Here’s what we thing one Rockstar megaton can learn from another.
We’ve waxed lyrical about the quality of Red Dead Redemption 2 over the last month or so almost nonstop, but it’s a game that deserves it- it’s massive and ambitious, and for the most part, it does those ambitions justice with spot on execution of some excellent ideas. It’s a new benchmark for the open world style of games, and one that all future titles, regardless of who develops it, will most likely aspire to, and try to emulate, at least in some ways. And that most probably applies to Rockstar’s own inevitable Grand Theft Auto 6 as well.
Red Dead Redemption and Grand Theft Auto are, admittedly, very different kinds of experiences, with one grounding itself in reality, and focusing heavily on narrative, and the other being a more bombastic, chaotic, over-the-top sandbox experience, so it would be strange to expect GTA 6 to emulate Red Dead Redemption 2 in every way possible. But we feel there’s enough that Rockstar have done in their latest title that they should, and most likely will, take cues from when GTA finally returns. In this feature, we’ll talk about fifteen things GTA 6 can learn from Red Dead Redemption 2, both its accomplishments, and its admittedly few shortcomings.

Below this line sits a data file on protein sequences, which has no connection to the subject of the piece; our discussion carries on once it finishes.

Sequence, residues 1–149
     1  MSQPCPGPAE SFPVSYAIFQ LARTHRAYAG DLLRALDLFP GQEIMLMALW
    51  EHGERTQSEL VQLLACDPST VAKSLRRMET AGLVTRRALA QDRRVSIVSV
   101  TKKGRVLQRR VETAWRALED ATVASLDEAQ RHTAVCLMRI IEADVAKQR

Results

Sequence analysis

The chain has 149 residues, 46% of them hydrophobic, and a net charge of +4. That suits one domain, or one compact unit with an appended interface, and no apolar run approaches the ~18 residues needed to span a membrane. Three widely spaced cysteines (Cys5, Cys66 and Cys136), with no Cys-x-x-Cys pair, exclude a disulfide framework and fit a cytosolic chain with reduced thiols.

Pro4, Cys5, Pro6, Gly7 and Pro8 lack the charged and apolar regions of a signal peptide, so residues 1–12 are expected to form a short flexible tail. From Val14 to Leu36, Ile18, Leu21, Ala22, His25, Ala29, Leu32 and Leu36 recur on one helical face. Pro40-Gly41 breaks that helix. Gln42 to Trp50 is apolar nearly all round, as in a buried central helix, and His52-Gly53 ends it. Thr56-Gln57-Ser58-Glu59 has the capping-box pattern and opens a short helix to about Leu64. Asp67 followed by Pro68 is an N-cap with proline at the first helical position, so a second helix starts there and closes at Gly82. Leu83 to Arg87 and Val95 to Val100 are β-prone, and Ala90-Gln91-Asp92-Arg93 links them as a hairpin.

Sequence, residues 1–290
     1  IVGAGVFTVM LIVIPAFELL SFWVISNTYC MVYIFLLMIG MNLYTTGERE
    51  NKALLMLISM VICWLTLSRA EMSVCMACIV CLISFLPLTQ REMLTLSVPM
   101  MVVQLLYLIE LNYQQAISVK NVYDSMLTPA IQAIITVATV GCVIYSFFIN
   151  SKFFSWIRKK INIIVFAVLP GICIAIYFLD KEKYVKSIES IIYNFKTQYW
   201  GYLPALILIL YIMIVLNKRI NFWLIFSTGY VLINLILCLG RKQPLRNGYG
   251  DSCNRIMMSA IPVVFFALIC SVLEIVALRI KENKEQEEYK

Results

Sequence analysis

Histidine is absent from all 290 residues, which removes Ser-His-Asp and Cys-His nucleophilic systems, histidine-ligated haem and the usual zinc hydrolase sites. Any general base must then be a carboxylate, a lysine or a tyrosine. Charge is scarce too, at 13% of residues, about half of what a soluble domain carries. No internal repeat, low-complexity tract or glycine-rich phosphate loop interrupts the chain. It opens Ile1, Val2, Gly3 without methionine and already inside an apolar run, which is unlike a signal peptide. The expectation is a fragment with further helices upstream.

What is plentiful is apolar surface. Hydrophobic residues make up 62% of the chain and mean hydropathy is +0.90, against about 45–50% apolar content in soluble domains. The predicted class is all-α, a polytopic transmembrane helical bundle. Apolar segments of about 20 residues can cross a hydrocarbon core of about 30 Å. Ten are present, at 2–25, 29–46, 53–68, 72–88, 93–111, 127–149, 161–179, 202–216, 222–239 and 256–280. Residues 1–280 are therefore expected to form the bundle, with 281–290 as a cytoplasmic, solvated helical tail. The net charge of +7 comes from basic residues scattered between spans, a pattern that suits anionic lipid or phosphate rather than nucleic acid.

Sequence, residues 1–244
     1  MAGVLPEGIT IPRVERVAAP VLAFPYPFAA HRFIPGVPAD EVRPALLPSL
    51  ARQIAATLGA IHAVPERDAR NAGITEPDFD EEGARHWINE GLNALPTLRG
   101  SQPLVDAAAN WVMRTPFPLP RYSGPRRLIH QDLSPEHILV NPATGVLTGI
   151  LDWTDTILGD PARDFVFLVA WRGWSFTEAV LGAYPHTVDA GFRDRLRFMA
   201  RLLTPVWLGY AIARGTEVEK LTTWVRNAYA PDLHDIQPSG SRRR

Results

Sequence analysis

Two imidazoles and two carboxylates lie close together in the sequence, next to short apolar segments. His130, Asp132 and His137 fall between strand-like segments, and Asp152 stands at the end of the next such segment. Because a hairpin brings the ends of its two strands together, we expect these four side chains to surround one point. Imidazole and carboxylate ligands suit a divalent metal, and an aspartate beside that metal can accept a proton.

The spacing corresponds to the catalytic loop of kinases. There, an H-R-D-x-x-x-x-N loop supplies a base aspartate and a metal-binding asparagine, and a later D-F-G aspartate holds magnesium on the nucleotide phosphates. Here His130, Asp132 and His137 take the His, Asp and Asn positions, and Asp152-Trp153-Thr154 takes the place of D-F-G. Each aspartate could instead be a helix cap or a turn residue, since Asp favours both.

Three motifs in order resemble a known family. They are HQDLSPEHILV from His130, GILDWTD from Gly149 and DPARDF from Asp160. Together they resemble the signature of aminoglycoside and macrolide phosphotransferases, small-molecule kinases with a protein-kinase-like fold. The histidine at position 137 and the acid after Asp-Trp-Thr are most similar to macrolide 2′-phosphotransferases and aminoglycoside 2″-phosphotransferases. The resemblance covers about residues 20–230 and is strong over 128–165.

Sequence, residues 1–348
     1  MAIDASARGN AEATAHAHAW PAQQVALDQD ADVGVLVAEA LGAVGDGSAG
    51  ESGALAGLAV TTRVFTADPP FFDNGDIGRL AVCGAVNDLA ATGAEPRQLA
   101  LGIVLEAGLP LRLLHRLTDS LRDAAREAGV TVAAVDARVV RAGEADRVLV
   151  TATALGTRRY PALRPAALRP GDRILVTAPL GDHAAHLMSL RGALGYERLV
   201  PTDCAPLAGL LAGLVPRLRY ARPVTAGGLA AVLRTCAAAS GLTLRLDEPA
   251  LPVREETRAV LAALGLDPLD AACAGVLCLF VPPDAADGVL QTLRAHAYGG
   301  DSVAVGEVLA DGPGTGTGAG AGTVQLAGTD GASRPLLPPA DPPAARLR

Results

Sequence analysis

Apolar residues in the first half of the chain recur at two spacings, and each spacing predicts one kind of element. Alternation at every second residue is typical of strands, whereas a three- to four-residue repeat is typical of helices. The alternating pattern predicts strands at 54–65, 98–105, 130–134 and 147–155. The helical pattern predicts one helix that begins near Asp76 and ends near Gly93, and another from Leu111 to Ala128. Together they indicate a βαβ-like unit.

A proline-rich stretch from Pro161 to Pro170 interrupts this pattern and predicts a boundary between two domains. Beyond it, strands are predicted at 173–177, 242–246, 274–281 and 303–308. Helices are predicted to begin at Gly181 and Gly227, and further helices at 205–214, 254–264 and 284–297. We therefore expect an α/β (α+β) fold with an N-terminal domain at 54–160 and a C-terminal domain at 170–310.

Owing simply to the vastness of open world games, people don’t usually expect much from them in terms of NPC interactions, but Red Dead Redemption 2 has come along and changed all of that. Interactions with every single person you run into game, no matter how insignificant, feel meaningful, organic, and different. NPCs have long memory spans, they react to you and your actions, and the make the world that much more believable and immersive. This is one area where all open world games can stand to learn a great deal from Red Dead Redemption 2, including GTA 6. NPCs in Grand Theft Auto games have historically been little more than stage dressing, or just props for you to gun down or run down while you’re wreaking havoc in the open world. Having a GTA sandbox that has reactive and dynamic interactions like Red Dead Redemption 2 does, though, is a mouth-watering prospect.